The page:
Disgraced Diplomat on the Offensive at Trial

As his trial began on Friday, Suth Dina, Cambodia’s disgraced former ambassador to South Korea, scattered the blame for his alleged misdeeds on his predecessor, government ministries and his four accusers at the embassy.

“I request Samdech…Hun Sen, the head of state, to acquit me,” Mr. Dina said, addressing the prime minister—to whom he was once a personal adviser—through reporters gathered at the Phnom Penh Municipal Court. “I am innocent.”

Cambodia's former ambassador to South Korea, Suth Dina, arrives at the Phnom Penh Municipal Court for his corruption trial on Friday. (Siv Channa/The Cambodia Daily)
Cambodia’s former ambassador to South Korea, Suth Dina, arrives at the Phnom Penh Municipal Court for his corruption trial on Friday. (Siv Channa/The Cambodia Daily)

Since Mr. Dina’s arrest in April, the Anti-Corruption Unit has publicly accused him of extensive graft, including taking kickbacks from migrant workers, pocketing fees paid for visas and failing to pay rent on the embassy in Seoul. The unit also raised suspicions over his ballooning personal wealth, which it says increased by as much as $3 million during his three-year tenure in South Korea.

His trial on Friday, however, boiled down to $116,995 in embassy revenue that he had failed to transfer on time to the Foreign Affairs Ministry, an allegation that led to charges of abuse of power and unlawful exploitation. Both charges carry a sentence of two to five years in prison and a fine of 4 million to 10 million riel, or about $1,000 to $2,500.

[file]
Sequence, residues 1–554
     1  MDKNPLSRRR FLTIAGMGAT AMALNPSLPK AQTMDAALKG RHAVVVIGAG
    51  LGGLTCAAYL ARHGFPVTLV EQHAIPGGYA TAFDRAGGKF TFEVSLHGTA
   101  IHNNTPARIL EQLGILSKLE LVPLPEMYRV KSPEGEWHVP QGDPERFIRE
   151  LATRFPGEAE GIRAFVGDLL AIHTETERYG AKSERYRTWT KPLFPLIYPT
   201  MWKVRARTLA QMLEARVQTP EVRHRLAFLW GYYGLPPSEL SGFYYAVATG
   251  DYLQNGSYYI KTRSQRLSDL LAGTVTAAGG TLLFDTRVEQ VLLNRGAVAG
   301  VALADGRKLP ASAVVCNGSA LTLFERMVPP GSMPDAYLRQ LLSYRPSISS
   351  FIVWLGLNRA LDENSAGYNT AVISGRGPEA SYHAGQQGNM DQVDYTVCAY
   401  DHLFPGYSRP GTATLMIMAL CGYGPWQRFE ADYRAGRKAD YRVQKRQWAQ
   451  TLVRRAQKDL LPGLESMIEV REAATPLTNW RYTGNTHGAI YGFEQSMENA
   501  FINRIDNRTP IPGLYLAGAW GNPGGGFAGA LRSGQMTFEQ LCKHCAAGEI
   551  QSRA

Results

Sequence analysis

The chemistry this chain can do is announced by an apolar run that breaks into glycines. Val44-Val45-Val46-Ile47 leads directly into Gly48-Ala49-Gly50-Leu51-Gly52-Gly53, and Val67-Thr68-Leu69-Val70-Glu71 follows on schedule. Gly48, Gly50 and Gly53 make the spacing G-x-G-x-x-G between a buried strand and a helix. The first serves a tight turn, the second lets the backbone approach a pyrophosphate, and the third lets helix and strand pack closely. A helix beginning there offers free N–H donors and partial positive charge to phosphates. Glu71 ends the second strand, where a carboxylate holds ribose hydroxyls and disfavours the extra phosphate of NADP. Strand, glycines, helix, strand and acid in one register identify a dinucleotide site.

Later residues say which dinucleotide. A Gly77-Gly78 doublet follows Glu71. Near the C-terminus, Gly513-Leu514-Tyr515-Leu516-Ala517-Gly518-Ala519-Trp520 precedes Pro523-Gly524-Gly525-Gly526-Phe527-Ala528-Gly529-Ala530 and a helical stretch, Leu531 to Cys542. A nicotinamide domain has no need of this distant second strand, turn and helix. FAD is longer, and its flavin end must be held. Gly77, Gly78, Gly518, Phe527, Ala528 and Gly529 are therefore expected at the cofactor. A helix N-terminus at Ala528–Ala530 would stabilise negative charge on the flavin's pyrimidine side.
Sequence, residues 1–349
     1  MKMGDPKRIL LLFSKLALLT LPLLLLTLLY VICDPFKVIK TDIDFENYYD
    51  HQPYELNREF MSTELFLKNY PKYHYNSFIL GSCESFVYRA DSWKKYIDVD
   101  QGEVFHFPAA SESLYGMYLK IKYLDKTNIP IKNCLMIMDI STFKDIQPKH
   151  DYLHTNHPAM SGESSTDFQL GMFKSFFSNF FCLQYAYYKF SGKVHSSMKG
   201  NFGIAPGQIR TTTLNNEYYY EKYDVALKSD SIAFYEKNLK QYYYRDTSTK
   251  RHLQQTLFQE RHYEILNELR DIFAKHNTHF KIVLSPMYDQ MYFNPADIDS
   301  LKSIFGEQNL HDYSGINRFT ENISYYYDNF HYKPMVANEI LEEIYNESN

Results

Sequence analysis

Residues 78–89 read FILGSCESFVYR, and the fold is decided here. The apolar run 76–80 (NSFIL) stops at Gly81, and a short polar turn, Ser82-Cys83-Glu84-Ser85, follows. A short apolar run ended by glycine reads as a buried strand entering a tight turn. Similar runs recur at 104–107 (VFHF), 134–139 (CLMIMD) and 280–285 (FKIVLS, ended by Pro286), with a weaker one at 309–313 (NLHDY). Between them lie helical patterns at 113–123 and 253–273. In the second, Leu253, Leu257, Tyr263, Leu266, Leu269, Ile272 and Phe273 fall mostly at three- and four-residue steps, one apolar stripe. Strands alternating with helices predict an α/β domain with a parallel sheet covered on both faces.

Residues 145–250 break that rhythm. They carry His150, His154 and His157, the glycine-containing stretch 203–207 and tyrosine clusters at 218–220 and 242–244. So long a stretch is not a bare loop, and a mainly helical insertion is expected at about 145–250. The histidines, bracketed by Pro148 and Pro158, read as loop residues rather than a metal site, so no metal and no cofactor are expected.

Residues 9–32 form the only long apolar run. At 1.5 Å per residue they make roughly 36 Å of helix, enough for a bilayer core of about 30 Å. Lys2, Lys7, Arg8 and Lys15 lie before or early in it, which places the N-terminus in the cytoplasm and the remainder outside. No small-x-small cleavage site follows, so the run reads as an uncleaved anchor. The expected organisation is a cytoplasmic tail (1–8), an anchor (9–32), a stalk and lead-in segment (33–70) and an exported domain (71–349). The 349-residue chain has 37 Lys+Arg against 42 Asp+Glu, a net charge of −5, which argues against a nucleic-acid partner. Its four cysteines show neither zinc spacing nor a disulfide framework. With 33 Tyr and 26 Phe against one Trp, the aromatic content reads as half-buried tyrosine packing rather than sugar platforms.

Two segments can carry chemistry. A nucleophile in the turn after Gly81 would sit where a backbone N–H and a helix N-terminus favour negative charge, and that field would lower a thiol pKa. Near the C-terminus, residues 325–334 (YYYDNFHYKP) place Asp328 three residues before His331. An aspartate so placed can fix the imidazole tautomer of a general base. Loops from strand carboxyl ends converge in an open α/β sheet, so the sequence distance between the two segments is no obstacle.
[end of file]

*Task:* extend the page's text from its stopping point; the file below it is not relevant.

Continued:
“During the time Mr. Suth Dina worked as Cambodia’s ambassador to South Korea, he exploited the state budget,” deputy prosecutor Sieng Sok said at the hearing. “In fact, $116,995 was not paid back to the ministry on time by Mr. Suth Dina. He took this money to spend.”

Mr. Dina, 45, told the court that his predecessor had left him with a raft of problems at the embassy, and because the ministries of finance and foreign affairs were late to deliver the money necessary to tackle them, he dipped into available funds to deal with them.

There were administrative costs and rent for the embassy building that had to be paid, he explained.

“For all these expenditures, I needed to spend my own pocket money first. I only received money from the ministry later,” Mr. Dina said. “I was late to send money back to the ministry because the ministry was also late to send money to me.”

The corruption case was built on the written testimonies of four witnesses, all embassy officials who were not at the hearing. Their testimonies, as presented on Friday, touched on wider accusations such as Mr. Dina allegedly confiscating migrant workers’ passports and paying people not on staff to do the embassy’s work.

But Mr. Dina claimed the officials were taking revenge against him for cracking down on their schemes of bribery, supposedly involving the processing of passports.

Heng Sideth, one of Mr. Dina’s lawyers, said the case against his client was weak.

“The ACU does not have any evidence beside the three or four people who have accused my client,” Mr. Sideth said.

Presiding Judge Kor Vandy said that a verdict would be announced on December 1.

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